8 guidelines for avoiding a cyber attack
Just last month, Deloitte, one of the Big Four accountancy firms, endured a cyber attack which has since hit 350 of their clients. The victims included blue-chip companies, household names, and even the US government. Unfortunately, this kind of headline news is becoming more and more familiar as cybercrime continues to grow and evolve.
It is undeniable that cyber attacks are increasing in terms of scale, scope, and sophistication. Hackers, even the less sophisticated ones, are becoming more effective at breaching IT weak points. This is often as a result of crime kits, developed by experienced hackers and sold to other criminals.
Ultimately, this means that it has become easier for the average criminal to hack and, therefore, many more cybercrimes are being committed. At Unity, we’re very aware of the role every member of staff plays in keeping Unity systems, data, customer information and, ultimately, our business safe from hackers and fraudsters.
Defending your IT against a cyber attack with a collaborative approach
Instead of burying your head in the sand, it is important, now more than ever, to take a holistic view of your IT security. Most companies know by now to install the appropriate cybersecurity software, but what about educating users about how to recognise a potential cyber attack?
In the face of the increasing number of cyber attacks, and specifically, ransomware attacks, such as WannaCry and Petya, user vigilance in an ever-evolving digital world has never been more important. At Unity, we have implemented a number of technical safeguards, including firewalls, anti-virus software, email filters, etc., to defend our IT infrastructure.
But even these robust precautions cannot prevent human error. User awareness and vigilance is a major contributing factor to risk mitigation. For example, if an email looks odd, don’t take the chance of opening it. We always advise our employees to check an email with the Service Desk if they feel there is anything at all amiss, so they can make an informed decision as to whether it is legitimate or not.
When it comes to cyberattacks, prevention is better than cure! Successful social engineering attacks, such as those perpetrated through phishing emails, typically hit targets because users can at times make poor decisions. This is why keeping data and systems safe needs to be a collaborative approach.
8 guidelines to staying cyber safe – at work and at home
Across the globe, in every business, in every home, there are eight key things that can help you to stay cyber safe.
1) If you suspect deceit, hit delete
Phishing emails generally look for things like account information, they do not address you by name and often have contextual, spelling or grammatical errors. If you think you have received a phishing email, don’t respond, delete the message and report the incident to your IT department or provider.
2) If in doubt, don’t open it
Be careful when clicking on attachments or links in emails from unknown sources. If it’s unexpected or suspicious for any reason, don’t click on it!
3) Passwords always protect
Strong passwords are important in protecting information. Use a strong mix of alphanumeric and special characters and don’t share your passwords with others or write them down! You can use a password generator to create random passwords that will be hard to guess, and there are numerous secure password managers online so you can store them safely.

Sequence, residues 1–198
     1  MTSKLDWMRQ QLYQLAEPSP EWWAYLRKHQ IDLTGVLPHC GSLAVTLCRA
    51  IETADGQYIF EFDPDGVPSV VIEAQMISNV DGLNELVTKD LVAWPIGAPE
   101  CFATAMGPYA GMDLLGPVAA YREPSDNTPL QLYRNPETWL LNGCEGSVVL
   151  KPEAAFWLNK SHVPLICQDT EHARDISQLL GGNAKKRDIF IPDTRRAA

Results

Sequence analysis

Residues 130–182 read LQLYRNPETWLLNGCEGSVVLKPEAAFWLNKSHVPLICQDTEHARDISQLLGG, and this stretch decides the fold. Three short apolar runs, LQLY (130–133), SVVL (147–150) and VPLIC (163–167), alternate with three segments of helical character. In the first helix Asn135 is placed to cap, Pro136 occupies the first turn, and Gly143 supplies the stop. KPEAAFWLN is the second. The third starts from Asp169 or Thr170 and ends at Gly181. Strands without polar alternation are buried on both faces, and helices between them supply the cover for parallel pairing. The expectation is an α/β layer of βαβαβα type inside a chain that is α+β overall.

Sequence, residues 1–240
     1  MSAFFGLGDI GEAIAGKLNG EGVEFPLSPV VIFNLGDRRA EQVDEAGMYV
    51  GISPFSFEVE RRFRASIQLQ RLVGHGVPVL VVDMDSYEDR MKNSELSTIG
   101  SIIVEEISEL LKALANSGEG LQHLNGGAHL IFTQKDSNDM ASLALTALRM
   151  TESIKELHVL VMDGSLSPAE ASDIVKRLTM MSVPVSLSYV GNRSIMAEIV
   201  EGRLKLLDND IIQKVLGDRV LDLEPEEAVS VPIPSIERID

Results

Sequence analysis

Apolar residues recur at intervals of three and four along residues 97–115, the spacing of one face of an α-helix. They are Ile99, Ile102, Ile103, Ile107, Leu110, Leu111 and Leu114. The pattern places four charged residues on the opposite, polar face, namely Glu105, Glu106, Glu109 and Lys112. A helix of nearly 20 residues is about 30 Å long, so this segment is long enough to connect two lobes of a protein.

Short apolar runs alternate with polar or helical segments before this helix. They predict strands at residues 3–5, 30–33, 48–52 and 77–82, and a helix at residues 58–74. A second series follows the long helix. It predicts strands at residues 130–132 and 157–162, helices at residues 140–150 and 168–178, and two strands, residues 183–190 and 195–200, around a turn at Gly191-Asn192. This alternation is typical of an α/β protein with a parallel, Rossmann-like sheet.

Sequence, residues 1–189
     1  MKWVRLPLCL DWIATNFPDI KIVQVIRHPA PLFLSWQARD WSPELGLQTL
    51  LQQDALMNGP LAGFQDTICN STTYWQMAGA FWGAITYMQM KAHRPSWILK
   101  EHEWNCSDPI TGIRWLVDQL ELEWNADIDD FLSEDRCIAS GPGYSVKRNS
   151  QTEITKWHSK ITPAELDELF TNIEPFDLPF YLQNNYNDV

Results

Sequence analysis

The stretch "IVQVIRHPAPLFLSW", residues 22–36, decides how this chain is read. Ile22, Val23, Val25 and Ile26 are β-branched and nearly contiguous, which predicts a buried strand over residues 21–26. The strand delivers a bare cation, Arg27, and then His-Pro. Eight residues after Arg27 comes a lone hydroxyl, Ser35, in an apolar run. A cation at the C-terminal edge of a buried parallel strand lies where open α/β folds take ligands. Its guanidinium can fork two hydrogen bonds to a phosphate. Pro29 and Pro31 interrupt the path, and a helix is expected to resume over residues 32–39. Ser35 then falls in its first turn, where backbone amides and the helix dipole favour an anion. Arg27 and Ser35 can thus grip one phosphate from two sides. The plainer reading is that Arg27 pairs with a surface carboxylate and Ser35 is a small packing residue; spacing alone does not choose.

4) Minding your data
Do not store confidential or strictly confidential data on your computer. Any sensitive information should be held in secure, encrypted storage. At Unity, for example, we use Groupshare, SharePoint, and OneDrive.
5) Surfing safely
When submitting sensitive data on a website, you should ensure the connection is safe by checking for a digital certificate. This is indicated by a https rather than a http reference in the website address e.g. https://www.google.ie. Always look out for the ‘S’ – if it doesn’t exist, it’s not secure.
You’ll also see a little green lock with the word ‘secure’ in the address bar, next to the URL of the page. On some sites, the word ‘secure’ is replaced by the company name. Here are two examples:
6) Watch out for Wi-Fi
Personal browsing, such as banking or shopping, should only be carried out on a device that belongs to you and on a network that you trust. Whether it’s a friend’s phone, a public computer, or a free public WiFi—your data could be compromised, copied or stolen.
7) Control + Alt + Delete when you leave your seat
Never leave your devices unattended. If you need to leave your computer/phone/tablet device make sure to lock it so no one can use it while you’re away.
8) Don’t be afraid to say no
Be wary if someone unknown to you attempts to gain information from you through manipulation. If someone calls or emails you asking for sensitive information, it’s okay to say no!
Using your own discretion is a significant aspect of maintaining security on a day-to-day basis and should be practised continuously. However, being able to use correct judgment is largely based on your own education of cyber attacks and how to recognise them.
Keeping up to date with every new variation of cyberattack is not possible, but following guidelines such as those above greatly mitigates the risk of a cyber attack. And, of course, continue to arm yourself with expert advice from our IT security specialists!